A feature on the Baltic Sea surface found by Swedish treasure hunters last summer is making news once again. The most recent media coverage is based on an hour-long radio interview with Peter Lindberg, head of the Ocean X Team (which made the “discovery”), during which Lindberg makes a series of cryptic and titillating statements about the “abnormal” and “mysterious” seafloor object his team has been exploring for a year.
Lindberg outlines a variety of possible objects for the object: “It has these really odd stair formations, and if it is made, it must have been constructed tens of thousands of years ago, prior to the Ice Age,” he explained in the radio interview. (The most recent Ice Age peaked around 20,000 years ago.)
“If this is the lost city of Atlantis, it would be truly incredible,” he remarked. Atlantis is a legendary undersea city that has been mentioned in ancient mythology.
Lindberg recognizes that the item may be a natural structure, such as a meteorite that pierced the ice during the Ice Age or an underwater volcano, but he creates the sense that experts are perplexed by it. For example, geologists allegedly informed him that the item “cannot be a volcano.”
Additionally, Lindberg claims a documentary on the undersea anomaly — the location of which he has not divulged — is in the works, and he is keeping some delicious tidbits for the camera. “We are not giving the whole story,” he stated. “In the documentary, we’ll expose some fairly fascinating details.”
Volker Brüchert, an associate professor of geology at Stockholm University, recently received samples of stone from the item from the divers. According to Swedish newspapers, Brüchert stated, “I was shocked to discover a great black stone that may be a volcanic rock while researching the material.” My view is that this thing, this structure, was constructed thousands of years ago during the Ice Age.”
In other words, an expert appears to corroborate their assertions that this undersea item is inexplicable and may be an old construction complex akin to Atlantis. To be certain, Life’s Little Mysteries reached out to that expert. As it turns out, neither he nor any of the other specialists consulted regarding the Baltic Sea item believe it is strange.
“It’s encouraging to hear critical perspectives on the ‘Baltic Sea enigma,'” Brüchert commented in an email. “What the Ocean-X team has graciously overlooked is that the majority of the samples they have recovered from the sea floor are granites, gneisses, and sandstones.”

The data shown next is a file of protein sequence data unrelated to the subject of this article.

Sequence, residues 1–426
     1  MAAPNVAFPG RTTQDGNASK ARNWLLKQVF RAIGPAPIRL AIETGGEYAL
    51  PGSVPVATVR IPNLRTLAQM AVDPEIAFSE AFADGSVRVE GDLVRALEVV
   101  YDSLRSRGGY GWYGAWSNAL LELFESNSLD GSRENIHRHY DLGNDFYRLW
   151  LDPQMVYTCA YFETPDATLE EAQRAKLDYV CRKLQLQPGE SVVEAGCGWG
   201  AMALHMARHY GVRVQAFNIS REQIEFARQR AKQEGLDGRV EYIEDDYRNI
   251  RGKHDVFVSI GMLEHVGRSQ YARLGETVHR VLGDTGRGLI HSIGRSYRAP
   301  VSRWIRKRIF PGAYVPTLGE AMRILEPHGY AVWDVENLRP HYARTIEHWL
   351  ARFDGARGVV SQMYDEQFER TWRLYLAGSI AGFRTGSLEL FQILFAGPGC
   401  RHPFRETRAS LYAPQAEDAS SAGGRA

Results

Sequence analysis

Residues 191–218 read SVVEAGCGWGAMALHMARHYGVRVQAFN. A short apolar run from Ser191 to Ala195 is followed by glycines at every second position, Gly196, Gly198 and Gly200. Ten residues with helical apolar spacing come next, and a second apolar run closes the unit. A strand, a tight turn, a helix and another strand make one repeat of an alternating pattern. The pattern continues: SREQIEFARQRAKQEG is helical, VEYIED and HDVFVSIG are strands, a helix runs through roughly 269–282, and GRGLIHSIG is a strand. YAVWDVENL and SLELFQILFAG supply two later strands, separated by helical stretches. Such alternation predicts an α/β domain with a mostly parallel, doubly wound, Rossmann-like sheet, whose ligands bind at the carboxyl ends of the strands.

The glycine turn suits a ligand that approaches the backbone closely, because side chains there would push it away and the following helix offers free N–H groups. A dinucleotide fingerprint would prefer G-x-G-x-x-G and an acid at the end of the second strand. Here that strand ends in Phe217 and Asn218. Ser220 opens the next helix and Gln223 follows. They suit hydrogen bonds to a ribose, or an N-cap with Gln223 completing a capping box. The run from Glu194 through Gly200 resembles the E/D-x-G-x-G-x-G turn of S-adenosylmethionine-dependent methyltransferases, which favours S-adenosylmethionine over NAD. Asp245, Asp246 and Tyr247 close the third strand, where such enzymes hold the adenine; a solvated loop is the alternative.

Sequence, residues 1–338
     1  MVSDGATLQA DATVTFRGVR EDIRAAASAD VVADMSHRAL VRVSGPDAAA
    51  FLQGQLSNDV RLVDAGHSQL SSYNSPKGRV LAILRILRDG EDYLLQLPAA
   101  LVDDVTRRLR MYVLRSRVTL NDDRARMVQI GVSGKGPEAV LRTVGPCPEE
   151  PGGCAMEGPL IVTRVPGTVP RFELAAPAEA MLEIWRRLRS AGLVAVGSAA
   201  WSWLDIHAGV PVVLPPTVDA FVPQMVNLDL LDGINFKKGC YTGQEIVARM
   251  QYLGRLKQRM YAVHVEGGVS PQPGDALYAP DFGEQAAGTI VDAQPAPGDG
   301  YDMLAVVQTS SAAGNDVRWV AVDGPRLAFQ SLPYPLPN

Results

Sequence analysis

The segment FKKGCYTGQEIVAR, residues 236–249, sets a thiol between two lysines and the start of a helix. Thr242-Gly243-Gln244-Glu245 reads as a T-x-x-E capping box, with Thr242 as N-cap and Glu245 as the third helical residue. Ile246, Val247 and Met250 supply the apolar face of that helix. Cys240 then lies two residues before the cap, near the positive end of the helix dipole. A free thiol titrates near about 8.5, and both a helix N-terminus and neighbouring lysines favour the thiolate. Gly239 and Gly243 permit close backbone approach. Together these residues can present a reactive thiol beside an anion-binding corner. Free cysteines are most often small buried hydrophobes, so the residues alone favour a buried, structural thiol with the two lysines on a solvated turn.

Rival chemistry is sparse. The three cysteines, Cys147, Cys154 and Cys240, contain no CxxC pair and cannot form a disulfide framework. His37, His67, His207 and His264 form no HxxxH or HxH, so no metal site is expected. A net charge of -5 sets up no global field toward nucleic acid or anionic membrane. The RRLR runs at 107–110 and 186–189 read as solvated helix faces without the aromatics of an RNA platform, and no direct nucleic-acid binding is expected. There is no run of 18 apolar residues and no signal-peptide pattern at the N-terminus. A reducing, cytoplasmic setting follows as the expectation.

These, he continues, are exactly what one would expect to see in a glacial basin, which is just what the Baltic Sea is — a place carved out long ago by glacial ice.
Along with the common rocks, the divers presented him with a single loose piece of basaltic rock, a type of rock formed when lava becomes solidified. This is rare on the seafloor, but not unheard of. “Because the whole northern Baltic region is significantly impacted by glacial thawing processes,” he added, “both the feature and the rock samples are likely to have originated in response to glacial and postglacial activities.” “Perhaps glaciers carried these rocks there.”
Often, glaciers have imbedded rocks. When the glaciers in Northern Europe melted during the end of the Ice Age, the rocks within them fell to the Earth’s surface, leaving rocky deposits all over the region. These are occasionally referred to as glacial erratics or balancing rocks.
Lindberg and the Ocean X Team have declined to comment on the glacial deposit notion.
Apart from a widely-reproduced illustration created recently by a graphics artist depicting the Baltic seafloor object as a beautiful, Atlantis-like archaeological site, there has only ever been one actual image of the Baltic Sea object: the original sonar scan image captured by the divers last summer, in which the object resembles a crashed UFO spaceship. However, experts advised us to dismiss the sonar image.
“The sonar image contains numerous artifacts that make interpretation difficult, and I would not place too much confidence in any interpretation until better processing is performed and details about the type of sonar and other pertinent information are provided,” said Dan Fornari, a marine geologist at the Woods Hole Oceanographic Institution in Massachusetts who specializes in seabed sonar scanning. “I’m implying that the data are deficient in terms of resolution, specificity, and quantification.”
Expert examination indicates that this is simply a glacial deposit identified by the Ocean X Team during a low-resolution sonar study. Since then, widespread media coverage, celebrity, and a global Internet following have occurred. Lindberg regrets the lack of sponsorship for his inquiry. According to reports, several groups have advised him that supporting the dives is pointless because the abnormality “could be something really incomprehensible.” He encourages people to support his and his fellow divers’ work by purchasing Ocean X gear.